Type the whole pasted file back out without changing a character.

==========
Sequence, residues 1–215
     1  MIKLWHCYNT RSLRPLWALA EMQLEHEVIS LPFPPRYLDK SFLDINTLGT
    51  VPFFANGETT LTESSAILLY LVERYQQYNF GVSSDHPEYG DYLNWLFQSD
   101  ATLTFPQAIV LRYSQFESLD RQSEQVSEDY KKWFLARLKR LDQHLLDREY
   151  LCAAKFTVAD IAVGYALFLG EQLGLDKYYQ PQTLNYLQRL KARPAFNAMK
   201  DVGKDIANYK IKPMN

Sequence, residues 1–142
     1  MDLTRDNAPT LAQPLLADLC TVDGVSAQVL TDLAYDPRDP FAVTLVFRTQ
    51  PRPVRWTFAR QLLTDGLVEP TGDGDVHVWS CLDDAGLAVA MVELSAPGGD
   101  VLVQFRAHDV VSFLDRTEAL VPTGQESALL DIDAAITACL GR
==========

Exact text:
Sequence, residues 1–215
     1  MIKLWHCYNT RSLRPLWALA EMQLEHEVIS LPFPPRYLDK SFLDINTLGT
    51  VPFFANGETT LTESSAILLY LVERYQQYNF GVSSDHPEYG DYLNWLFQSD
   101  ATLTFPQAIV LRYSQFESLD RQSEQVSEDY KKWFLARLKR LDQHLLDREY
   151  LCAAKFTVAD IAVGYALFLG EQLGLDKYYQ PQTLNYLQRL KARPAFNAMK
   201  DVGKDIANYK IKPMN

Sequence, residues 1–142
     1  MDLTRDNAPT LAQPLLADLC TVDGVSAQVL TDLAYDPRDP FAVTLVFRTQ
    51  PRPVRWTFAR QLLTDGLVEP TGDGDVHVWS CLDDAGLAVA MVELSAPGGD
   101  VLVQFRAHDV VSFLDRTEAL VPTGQESALL DIDAAITACL GR